One can ask the question, why did Yitzchak Avinu decide that his life’s work would be in an area that was distinct from that of his father? After all, Avraham Avinu was the greatest tzaddik of his time; it might have been more logical to emulate him and continue in his path of building Chesed in the world.

Here, Rabbi Dessler brings a thought from the Alter of Kelm, Rabbi Simcha Zissel Ziv zt”l. In the Midrash we find that, when Yitzchak Avinu and Rivka Imenu involved themselves in intense prayer to facilitate Rivka’s ability to conceive (after years of barrenness), G-d granted them this desire, but only in the merit of the prayer of Yitzchak Avinu. Chazal explain that this is because the prayer of a righteous person born of a righteous father is greater than the prayer of a righteous person born of a wicked father. What, in this case, made Yitzchak Avinu’s prayer greater than Rivka Imenu’s prayer? Lineage alone?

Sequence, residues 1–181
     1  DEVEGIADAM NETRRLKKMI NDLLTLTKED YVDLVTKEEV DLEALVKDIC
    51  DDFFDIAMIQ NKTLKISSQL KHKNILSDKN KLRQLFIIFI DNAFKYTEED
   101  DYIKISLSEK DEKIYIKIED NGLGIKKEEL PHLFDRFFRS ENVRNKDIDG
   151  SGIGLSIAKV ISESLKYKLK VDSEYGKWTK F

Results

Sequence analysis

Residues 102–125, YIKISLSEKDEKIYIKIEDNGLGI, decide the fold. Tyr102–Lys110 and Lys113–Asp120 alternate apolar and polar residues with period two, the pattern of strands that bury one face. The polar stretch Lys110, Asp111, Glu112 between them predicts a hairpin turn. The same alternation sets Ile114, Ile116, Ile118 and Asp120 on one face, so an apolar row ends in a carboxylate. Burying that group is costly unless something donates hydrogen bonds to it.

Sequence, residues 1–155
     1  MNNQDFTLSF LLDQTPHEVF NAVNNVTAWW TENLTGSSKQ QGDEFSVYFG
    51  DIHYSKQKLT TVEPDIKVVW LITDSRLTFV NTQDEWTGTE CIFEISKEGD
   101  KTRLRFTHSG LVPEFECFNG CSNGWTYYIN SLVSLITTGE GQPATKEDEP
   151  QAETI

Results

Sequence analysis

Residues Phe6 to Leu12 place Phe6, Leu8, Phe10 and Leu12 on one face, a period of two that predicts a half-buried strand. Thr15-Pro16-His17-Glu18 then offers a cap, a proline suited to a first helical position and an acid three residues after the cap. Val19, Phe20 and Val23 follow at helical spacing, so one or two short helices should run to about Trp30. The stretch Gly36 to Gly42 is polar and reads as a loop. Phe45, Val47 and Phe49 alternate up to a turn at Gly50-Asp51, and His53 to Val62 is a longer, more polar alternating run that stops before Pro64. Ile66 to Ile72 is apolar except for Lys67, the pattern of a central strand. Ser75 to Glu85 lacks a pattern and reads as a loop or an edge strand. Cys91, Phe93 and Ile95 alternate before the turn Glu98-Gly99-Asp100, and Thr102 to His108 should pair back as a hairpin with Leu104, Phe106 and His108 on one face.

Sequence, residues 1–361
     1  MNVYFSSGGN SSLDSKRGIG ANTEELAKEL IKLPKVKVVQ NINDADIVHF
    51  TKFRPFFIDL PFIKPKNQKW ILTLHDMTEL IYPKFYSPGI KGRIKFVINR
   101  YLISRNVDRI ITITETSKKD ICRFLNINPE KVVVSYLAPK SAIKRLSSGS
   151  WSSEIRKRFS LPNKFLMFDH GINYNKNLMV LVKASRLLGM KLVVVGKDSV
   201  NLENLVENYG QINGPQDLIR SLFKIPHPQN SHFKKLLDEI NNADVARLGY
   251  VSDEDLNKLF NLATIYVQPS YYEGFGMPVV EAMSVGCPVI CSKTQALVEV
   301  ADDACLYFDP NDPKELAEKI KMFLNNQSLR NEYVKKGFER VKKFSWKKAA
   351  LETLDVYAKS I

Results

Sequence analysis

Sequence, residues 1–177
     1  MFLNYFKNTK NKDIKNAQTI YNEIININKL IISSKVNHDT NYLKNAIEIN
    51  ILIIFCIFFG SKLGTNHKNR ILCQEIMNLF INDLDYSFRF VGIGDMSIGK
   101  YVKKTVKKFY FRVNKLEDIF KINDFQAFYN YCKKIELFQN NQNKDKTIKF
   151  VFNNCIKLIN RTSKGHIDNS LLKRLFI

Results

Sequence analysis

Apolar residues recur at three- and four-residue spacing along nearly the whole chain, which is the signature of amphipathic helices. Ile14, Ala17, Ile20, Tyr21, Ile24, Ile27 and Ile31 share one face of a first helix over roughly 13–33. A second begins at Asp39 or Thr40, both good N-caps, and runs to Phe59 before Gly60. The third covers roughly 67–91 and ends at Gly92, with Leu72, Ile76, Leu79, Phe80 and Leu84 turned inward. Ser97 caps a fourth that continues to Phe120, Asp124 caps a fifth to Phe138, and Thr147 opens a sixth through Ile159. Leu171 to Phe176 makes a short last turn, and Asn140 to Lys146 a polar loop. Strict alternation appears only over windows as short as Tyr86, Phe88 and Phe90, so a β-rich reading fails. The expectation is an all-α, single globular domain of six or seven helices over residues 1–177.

Rather, what gave Yitzchak Avinu’s prayer its particular effectiveness was that it came as a result of a dimension of spiritual accomplishment that Yitzchak Avinu possessed. Having been born to the greatest tzaddikim in the world–Avraham Avinu and Sarah Imenu–Yitzchak Avinu could have fallen back upon his education, upbringing and good habits that had been reinforced throughout his formative years to coast through a holy life as if on autopilot. Instead, he built upon these endowments in a very unique way, by transcending them and striking out on his own, serving G-d by opening the gates of Gevurah in this world. This was a unique path that Yitzchak Avinu had cleared himself, as it were. This is much harder to do, explain Chazal, than to leave an evil, idolatrous family for a life of holiness, as Rivka Imenu did.